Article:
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Why do banks and financial institutions find it hard to meet SMEs funding requests? Most challenges faced by small businesses revolve around sufficient cash flow to run the business. It’s nearly impossible these days to keep a small business running with money drawn from your own pocket. Whether it’s purchasing inventory, hiring new employees, or opening additional locations, any type of expansion requires extra working capital.
Finding this capital is becoming harder for a significant proportion of small businesses despite the wider variety of financing options available.
We’ve written down some top reasons why you are not able to access bank funds, you don’t want to miss out on No. 7.
1. Inconsistent Cash Flow
Most SME owners are excellent hustlers. They can get monies from several quick businesses outside their core operations. Unfortunately, banks and financial institutions don’t consider such because you can’t plan with such irregular sources of income. Banks tend to favor SMEs that have a steady revenue stream and consistent cash flow coming in every month. SMEs that can’t demonstrate this consistency are denied loans significantly more often than not.
2. Insufficient Collateral
For SMEs, lack of sufficient collateral excludes them from obtaining financing because loan applications usually include a request for a viable piece of collateral in order to complete the transaction and receive funding. That’s not a problem for large businesses that own property or other big ticket assets, but it can be an insurmountable hurdle for SMEs especially if their books are not well kept. There are online ERPs that can help with book keeping and accounting. An example that comes to mind easily is SMERP.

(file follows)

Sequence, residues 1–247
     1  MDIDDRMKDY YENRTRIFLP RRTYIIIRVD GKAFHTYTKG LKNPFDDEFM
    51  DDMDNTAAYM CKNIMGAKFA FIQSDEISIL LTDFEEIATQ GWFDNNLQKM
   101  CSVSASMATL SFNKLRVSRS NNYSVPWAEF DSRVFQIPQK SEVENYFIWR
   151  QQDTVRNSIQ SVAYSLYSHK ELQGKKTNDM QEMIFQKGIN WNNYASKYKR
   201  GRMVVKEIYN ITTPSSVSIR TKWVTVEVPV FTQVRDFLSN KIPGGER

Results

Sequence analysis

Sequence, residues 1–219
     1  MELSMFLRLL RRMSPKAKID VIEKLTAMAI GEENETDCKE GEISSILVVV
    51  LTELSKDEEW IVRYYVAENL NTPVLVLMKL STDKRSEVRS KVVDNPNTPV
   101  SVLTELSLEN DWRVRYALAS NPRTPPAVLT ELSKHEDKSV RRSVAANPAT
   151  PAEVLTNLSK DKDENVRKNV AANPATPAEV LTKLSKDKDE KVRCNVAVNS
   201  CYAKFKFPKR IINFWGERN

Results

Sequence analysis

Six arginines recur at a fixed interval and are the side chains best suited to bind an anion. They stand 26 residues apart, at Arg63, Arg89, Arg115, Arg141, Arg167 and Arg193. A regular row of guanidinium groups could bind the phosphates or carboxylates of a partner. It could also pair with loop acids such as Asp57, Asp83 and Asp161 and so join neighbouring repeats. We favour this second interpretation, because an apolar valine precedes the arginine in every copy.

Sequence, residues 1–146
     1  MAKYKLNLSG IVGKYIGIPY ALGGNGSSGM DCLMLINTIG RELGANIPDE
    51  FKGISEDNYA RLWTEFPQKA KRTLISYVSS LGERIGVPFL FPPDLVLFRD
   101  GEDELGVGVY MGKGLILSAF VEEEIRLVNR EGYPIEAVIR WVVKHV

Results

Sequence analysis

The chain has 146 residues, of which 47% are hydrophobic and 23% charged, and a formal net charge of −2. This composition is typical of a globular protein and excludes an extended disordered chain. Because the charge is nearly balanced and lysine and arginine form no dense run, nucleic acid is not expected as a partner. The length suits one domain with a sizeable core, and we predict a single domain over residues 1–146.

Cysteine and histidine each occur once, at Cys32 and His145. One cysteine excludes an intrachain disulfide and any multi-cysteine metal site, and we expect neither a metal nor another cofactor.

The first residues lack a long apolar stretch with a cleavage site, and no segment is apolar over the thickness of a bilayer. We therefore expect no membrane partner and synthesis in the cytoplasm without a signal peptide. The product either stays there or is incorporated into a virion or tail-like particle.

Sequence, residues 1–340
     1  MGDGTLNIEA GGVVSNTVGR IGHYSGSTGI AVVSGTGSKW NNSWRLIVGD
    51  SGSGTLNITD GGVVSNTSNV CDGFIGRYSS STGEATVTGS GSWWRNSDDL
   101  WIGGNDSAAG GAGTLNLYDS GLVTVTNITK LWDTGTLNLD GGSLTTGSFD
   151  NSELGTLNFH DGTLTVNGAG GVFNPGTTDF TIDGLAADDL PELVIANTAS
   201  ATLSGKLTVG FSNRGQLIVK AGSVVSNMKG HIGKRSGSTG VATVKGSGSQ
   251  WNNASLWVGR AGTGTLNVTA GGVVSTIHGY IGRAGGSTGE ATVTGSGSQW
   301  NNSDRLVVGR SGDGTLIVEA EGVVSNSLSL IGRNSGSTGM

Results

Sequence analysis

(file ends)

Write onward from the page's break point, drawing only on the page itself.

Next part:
3. Debt-to-Income Ratio
Banks are wary of lending to businesses that have existing debt with other lenders. In many cases, they won’t even consider lending to a business that has facility with other banks or financial institutions. Since many SME owners seek credit from multiple sources, especially during the start-up phase, this can be a major strike against them when applying for a loan or cash advance from a traditional bank.
4. Customer Concentrations
Banks are often skeptical of businesses that report a significant bulk of their sales from only a select number of customers. Lenders, in general, like to see diversity in a business’s clientele as opposed to the same customers. For example, a local pub or restaurant that relies mainly on its “regulars” for steady income can present a perception problem with traditional banks. An Agri-business company whose major customer is two big supermarkets will raise red flags. A cleaning company whose only client is a popular hotel raises red flags.
5. Personal Guarantees
Personal guarantees from business owners are requirements from banks, but that also makes the owner personally responsible for paying back the loan. That’s a precarious position for those struggling to stay on top of expenses every month.
6. Insufficient Operating History
Banks give preferential treatment to businesses with lengthy and significant track records. After all, they don’t want to fund a business that has been operating for a while, but hasn’t sustained a certain amount of success and credibility. Banks demand a solid track record of generating profits over a specific time period in order to receive funding. Without that solid operating history, an SME will make likely be rejected for a loan. You can only achieve this when you keep your books.
7. Read Through #1 – #6 Again
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Adapted from SMEDigest http://smedigest.com.ng/why-you-not-getting-funds-for-your-business.html